- Create a timeline that allows for flexibility regarding when the system will be fully up and running.
- Be transparent and communicate with all staff involved in the implementation process, as well as those that will be directly affected by the new system.
#3—Outsourcing Software Implementation
While input from outside professionals during the rollout of your company’s new software can be key to success, under no circumstances should a company outsource the implementation process completely. Not only does this take away from company ownership of the program’s outcome, it also hinders the company’s ability to manage itself down the road.
This creates the exact opposite of what your company is trying to achieve—transitioning from a reactive management to a preventative one. Reduce the risk of this occurring by having all personnel, particularly management, participate in the implementation process.
Who to Include in Software Rollout:
- Key personnel responsible for maintaining or updating software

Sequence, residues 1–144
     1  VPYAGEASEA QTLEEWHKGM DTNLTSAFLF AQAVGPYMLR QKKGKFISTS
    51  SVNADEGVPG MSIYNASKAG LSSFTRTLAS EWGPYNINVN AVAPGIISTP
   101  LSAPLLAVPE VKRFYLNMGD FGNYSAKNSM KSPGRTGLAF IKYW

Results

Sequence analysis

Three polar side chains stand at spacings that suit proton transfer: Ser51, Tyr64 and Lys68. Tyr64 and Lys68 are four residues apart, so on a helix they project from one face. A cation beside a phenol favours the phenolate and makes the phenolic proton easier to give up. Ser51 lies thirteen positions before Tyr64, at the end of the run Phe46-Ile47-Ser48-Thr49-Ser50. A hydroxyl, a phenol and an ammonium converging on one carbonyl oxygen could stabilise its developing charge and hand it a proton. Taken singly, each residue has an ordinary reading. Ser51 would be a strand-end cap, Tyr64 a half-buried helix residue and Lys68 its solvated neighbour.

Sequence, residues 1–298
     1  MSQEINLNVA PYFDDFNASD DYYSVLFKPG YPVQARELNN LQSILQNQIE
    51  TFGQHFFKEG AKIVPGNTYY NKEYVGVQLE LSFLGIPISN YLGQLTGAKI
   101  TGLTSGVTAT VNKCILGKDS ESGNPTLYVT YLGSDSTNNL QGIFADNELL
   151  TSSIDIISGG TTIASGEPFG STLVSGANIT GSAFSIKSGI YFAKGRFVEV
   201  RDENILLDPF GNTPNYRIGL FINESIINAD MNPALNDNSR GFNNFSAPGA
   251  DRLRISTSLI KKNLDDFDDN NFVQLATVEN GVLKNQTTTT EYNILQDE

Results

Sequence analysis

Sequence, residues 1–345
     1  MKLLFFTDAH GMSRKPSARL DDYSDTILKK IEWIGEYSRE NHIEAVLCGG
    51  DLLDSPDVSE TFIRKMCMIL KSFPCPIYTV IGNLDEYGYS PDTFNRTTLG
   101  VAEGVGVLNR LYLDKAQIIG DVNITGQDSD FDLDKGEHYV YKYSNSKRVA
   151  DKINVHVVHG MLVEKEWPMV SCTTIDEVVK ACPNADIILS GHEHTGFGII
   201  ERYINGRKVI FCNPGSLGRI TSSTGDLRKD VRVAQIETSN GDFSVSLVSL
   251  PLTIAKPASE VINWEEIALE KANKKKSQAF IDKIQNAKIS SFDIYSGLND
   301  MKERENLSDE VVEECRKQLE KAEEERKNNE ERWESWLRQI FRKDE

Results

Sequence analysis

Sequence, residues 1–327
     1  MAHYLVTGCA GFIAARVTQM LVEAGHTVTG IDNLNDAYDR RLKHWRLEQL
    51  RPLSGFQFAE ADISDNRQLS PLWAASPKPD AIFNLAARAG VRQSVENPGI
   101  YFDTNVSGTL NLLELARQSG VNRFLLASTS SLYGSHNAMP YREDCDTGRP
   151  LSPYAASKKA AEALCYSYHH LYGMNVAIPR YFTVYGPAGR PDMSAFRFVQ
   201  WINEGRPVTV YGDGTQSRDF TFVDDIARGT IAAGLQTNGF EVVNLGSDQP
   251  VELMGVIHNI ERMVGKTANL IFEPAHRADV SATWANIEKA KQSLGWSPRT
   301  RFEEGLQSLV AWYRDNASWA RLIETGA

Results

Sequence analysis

- Software supplier
- Professionals that may give insight on how to better implement the new QMS program
#4—Aligning Business with Software:
Quality management software systems are designed to increase your company’s profitability and production. It is meant to be customized and molded to meet the specific needs of employees and customers of your business . . . not the other way around.
Too many businesses have tried to adapt to the software management system instead of using it to best suit their own needs. Unfortunately this leads to chaos, a skewed sense of mission and purpose within the company, and a loss of trust at the consumer level.
Getting Your Software to Work for You
- Go back to your clearly defined goals—what is it that you want your software program to do? Where will it provide the most benefit to your company? Where are the performance gaps within the company? How much of the workload would you like the program to do?These are all important questions when implementing QMS.
- Know who your company’s dedicated supplier representative is so that when problems or changes need to be made, there is no confusion about what the end-goal is.
- Document training needs as well as any prototype, pre-launch, or production phase tools and resources that are needed from your supplier. Discuss these tools and resources during the contract phase to ensure that you have everything you need, right from the start.
#5—Failing to Create a Change Management System